Turkish Ministry of Foreign Affairs responded the resolution on the same day with a press release: “We do not attribute any value to this unilateral and by no means objective stance of the European Parliament when we are in a period of increasing our common efforts to put Turkey-EU relations back on track and restarting the reform process while we leave behind the trauma of the heinous coup attempt of 15 July. Hence, the Resolution is deemed meaningless on our end.”

 “European Parliament adopted its resolution on Turkey Report which proposes suspension of accession negotiations with Turkey. For us, this is a null&void, worthless and disreputable resolution” the spokesperson of AKP (Justice and Development Party) tweeted.

While Turkey’s approach to the resolution is as non – binding, meaningless and worthless as it is, the European Parliament is of utmost importance to Turkey. You might say that Turkish accession negotiations to the EU are de facto frozen; however, there are two pressing issues: visa liberation and the modernization of the Customs Union Agreement; both of which require the European Parliament’s approval.

  • Claims against Mansur Yavaş, the Ankara mayoral candidate of Nation’s Alliance

Turkish prosecutors have issued an indictment on charges of misconduct against Ankara’s CHP mayoral candidate.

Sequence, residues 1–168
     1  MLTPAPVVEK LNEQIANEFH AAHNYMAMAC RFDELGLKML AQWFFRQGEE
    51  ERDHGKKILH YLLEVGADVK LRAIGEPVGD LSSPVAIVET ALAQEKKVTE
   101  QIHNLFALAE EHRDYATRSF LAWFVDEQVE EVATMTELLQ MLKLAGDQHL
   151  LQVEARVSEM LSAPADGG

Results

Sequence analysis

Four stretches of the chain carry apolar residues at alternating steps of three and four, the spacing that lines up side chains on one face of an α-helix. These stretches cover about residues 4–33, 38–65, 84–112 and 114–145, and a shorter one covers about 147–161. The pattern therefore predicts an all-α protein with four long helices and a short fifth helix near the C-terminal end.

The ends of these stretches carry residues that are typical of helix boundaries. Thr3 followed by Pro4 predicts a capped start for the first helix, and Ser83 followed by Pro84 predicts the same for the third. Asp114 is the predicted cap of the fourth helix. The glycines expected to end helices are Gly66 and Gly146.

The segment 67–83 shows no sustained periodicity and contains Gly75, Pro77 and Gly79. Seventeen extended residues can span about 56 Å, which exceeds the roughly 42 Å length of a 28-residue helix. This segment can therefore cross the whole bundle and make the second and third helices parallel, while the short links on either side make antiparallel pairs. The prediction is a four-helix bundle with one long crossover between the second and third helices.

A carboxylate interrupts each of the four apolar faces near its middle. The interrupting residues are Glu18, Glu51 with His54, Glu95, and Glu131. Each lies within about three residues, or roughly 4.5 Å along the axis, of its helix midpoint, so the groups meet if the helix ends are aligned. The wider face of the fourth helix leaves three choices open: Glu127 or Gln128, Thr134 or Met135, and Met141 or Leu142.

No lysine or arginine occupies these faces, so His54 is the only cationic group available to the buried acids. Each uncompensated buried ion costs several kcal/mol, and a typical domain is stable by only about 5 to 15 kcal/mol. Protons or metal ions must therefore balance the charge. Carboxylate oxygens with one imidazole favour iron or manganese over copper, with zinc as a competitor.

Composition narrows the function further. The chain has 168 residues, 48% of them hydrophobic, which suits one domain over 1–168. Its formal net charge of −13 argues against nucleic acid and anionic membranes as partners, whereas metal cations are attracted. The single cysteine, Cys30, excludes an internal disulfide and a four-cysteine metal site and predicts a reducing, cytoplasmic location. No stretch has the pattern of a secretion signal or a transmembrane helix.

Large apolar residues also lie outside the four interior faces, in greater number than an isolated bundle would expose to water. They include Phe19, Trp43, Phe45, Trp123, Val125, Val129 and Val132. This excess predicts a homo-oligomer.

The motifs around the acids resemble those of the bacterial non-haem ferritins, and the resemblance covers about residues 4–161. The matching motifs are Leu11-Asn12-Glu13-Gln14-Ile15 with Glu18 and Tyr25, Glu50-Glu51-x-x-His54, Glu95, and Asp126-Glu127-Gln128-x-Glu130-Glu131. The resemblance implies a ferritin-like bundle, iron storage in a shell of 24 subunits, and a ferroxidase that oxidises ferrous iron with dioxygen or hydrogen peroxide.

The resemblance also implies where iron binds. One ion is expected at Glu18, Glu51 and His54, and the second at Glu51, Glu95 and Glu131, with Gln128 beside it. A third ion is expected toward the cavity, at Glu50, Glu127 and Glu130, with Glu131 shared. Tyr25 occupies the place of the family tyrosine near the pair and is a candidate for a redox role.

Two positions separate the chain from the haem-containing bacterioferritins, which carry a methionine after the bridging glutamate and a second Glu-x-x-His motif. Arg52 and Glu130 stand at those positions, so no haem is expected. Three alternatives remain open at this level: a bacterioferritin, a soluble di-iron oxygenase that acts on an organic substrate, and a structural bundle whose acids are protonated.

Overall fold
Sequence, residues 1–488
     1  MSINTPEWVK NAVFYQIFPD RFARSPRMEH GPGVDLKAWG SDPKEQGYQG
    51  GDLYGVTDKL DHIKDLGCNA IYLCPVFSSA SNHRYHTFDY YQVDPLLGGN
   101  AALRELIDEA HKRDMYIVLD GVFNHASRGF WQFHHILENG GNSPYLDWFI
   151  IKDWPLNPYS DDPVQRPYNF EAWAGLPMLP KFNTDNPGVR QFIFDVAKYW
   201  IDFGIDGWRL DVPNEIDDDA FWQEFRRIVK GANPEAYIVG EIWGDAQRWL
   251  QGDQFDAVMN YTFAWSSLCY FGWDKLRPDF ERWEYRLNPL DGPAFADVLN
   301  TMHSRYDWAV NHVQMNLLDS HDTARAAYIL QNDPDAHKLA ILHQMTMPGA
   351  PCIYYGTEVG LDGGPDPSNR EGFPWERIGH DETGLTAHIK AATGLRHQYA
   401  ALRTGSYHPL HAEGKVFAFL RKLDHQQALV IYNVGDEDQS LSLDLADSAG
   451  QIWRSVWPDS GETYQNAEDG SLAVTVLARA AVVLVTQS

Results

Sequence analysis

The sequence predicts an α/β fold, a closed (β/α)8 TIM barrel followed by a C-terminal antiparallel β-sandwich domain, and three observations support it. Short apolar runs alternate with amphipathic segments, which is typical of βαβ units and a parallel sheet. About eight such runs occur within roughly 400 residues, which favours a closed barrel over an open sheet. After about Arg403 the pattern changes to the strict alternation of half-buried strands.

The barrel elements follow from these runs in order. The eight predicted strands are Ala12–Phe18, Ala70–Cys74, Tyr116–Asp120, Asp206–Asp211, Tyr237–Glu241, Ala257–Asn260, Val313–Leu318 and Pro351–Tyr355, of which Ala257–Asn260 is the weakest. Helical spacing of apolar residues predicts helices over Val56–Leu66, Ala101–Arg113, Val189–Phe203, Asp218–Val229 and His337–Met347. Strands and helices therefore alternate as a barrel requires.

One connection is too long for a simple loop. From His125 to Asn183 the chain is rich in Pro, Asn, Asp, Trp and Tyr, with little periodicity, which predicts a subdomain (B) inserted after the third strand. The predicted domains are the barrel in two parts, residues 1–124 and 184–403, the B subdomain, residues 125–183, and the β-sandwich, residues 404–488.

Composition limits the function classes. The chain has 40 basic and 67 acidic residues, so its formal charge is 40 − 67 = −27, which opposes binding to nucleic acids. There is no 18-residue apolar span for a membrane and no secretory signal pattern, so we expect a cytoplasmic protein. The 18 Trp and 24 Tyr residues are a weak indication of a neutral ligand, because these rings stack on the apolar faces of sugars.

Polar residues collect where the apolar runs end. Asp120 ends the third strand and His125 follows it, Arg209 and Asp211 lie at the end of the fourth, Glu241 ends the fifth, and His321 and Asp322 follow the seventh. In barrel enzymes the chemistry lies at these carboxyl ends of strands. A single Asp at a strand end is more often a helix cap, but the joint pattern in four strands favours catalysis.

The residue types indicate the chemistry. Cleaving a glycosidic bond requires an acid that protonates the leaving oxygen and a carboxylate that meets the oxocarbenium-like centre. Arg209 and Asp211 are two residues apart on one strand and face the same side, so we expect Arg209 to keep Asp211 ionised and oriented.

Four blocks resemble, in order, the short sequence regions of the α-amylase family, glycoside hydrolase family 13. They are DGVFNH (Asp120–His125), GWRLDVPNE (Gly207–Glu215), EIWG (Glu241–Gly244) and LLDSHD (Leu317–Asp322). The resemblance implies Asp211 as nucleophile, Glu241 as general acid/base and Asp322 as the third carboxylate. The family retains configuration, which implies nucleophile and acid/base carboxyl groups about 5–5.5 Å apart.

Speaking at a press conference in Ankara, AKP spokesman Ömer Çelik said that the forged bond was used even though it was finalized by the Supreme Court and the CHP was yet to respond. “The CHP does not seem to respond to the allegations, and attempts are being made to cover it up.” Çelik added. He stressed that the nomination of this candidate in their city is unjust for the people of Ankara. Mr. Yavaş was sued for trying to collect a $ 600,000 check, which he received as a trustee, according to the report on the Turkish daily Sabah.

On March 12 Mansur Yavaş held a press conference and refuted all allegations against him and said his rivals were trying to steam him out of the March 31 local elections. “There is a denial of execution ruling concerning a fake bond that Necmettin Kesgin gave me. And I don’t have an appeals court rule against me. I am the real victim here” Yavaş said. He, also, stated that Kesgin had been charged previously for involvement, inconsistencies and discrepancies in bonds and similar documents, as well as claims for child abuse. “Those, who understand that they are unable to win by democratic elections, are trying to harm my reputation. This is the most disgraceful election campaign ever witnessed by our political history” Yavaş stressed.

  • Terrorist attack in New Zealand

The mosque attacks in Christchurch New Zealand, which left at least 49 people dead, have had a profound effect in Turkey as well as around the world “With this attack, hostility to Islam, which the world has been watching idly and encouraging for some time, has gone beyond individual harassment to reach the level of mass killing,” Erdogan said in a former minister’s funeral ceremony. In his election rallies, he also showed video footage of the attack and added “We don’t want to see a cross and crescent conflict again,” referring to the Christian – Muslim conflict. Erdogan said on Friday that the suspected attacker had “targeted our country, our nation, and myself,” adding countries around the world, especially in the West, needing to guard against the rise of Islam phobia. President Erdogan also highlighted that the suspect had visited Turkey twice and warned that there was no room for Turks in Europe. He also added that his visits and contacts were being investigated by Turkish authorities.